Over the years Seymour, with my help, published many articles, most of them on baseball history. In 1956 The New-York Historical Society Quarterly printed his “How Baseball Began,” explaining that the game came originally from England and had been played there long before Abner Doubleday supposedly “invented” it in Cooperstown in 1839.
In 1986 John Thorn reprinted this article in The Armchair Book of Baseball, published by Scribner’s, and announced the piece as “The game’s premier historian on the game’s central question!” This 40-year-old article is still pertinent, in view of the recent (July 2001) announcement of newly-discovered early references to baseball being played in the United States long before 1939 (The New York Times, July 8, 2001, page 1+ page 18).
Another early Seymour article was his piece on Harry Wright, called “Baseball’s First Professional Manager” for the Ohio Historical Society Journal. A related colorful article, “Surf Baths and Dumbbells,” about early spring training activities, appeared in Baseball Digest in April of 1957. An article I particularly enjoying helping Seymour with was one for the Missouri Historical Review, published in 1957, called St. Louis and the Union Baseball War,” about the outlaw league often called “the Onions,” a colorful group that challenged organized baseball in the 1880s.
Seymour wrote about economic issues in baseball, too, especially in an article for The Industrial Bulletin. And he wrote about legal issues in baseball in an article called “Ball, Bat and Bar,” for the Cleveland-Marshall Law School Journal.
Reviews and Encyclopedia Entries
Besides articles Seymour was also invited to write reviews of other baseball books and education books for scholarly journals. He reviewed Eugene Murdoch’s book on Ban Johnson, for example. Several times he responded to requests to write for encyclopedias. He wrote the Babe Ruth piece for the American Biographical Encyclopedia and the pieces on Clark Griffith and Grover Cleveland Alexander for the Dictionary of American Biography.
He wrote on baseball for Chambers’s Encyclopedia, a British publication. To the Jefferson Encyclopedia he contributed an 1100-word article on baseball. While we were in Ireland he produced the entry on baseball history, along with several entries about well-known players, for the Oxford Companion to Sports and Games, published in London in 1975.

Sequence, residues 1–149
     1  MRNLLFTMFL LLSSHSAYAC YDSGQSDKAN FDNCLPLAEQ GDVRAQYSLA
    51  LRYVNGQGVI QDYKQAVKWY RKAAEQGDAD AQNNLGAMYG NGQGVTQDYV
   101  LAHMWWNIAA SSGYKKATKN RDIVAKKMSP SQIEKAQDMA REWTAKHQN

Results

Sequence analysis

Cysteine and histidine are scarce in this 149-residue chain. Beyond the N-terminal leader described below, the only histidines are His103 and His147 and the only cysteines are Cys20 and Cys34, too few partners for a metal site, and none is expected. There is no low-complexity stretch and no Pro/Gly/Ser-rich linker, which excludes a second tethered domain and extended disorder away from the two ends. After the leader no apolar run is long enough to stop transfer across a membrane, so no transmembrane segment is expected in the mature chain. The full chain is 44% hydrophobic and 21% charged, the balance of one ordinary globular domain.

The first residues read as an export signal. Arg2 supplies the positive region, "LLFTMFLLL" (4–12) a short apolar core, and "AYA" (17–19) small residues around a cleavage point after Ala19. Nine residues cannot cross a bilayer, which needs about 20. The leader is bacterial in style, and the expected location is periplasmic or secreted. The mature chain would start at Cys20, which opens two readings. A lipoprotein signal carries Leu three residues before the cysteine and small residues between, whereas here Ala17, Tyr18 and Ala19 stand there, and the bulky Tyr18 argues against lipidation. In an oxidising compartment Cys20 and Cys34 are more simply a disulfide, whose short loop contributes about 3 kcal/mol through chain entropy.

I was Seymour’s collaborator on these articles, reviews, and encyclopedia pieces. Here is one example. In 1978 Seymour was asked to review a sports history textbook that was being revised. In advance of Seymour’s reading of the text, I read it critically and produced a long chapter-by-chapter critique that he used in making his own comments on the book.
Several versions of Seymour’s speech, “Baseball: Mirror of American Life,” were presented to various audiences both public and academic. Late in his life, at a time when he was beginning to feel unable to travel, invitations to speak came often. He did agree to take part in the annual Cooperstown Symposium on Baseball in the American Culture in 1990, when the organizer, Dr. Alvin Hall of Oneonta, requested that he become keynote speaker. We wrote the speech together, and I delivered it for him. At the time of the Symposium the Oneonta Star pointed out that Seymour “is credited with paving the way for other scholars to study the sport legitimately.” It quoted Dr. Hall as remarking that, before Seymour’s efforts, “Baseball was too trivial for serious academic inquiry.” He added that the previous year’s symposium attracted more than a hundred scholars studying baseball and the current year’s would bring in about the same number.
Seymour was also recognized at Cleveland in January of 1991 in its “Celebration of Baseball” held at Cleveland State University, formerly Fenn College, where he had, ironically, been fired from the faculty back in 1950. Again we prepared the speech jointly, and I delivered it. Afterward, the CSU Magazine reported on Seymour as “baseball’s foremost historian and academic chronicler of baseball.” Seymour, said the writer, “has taken a pastime and examined it with scrutiny and care. He has elevated the sport to a study, and has justified doing so by validly pointing to the wide range of people and places that baseball has affected.” One of the other speakers at the conference was W.P. Kinsella.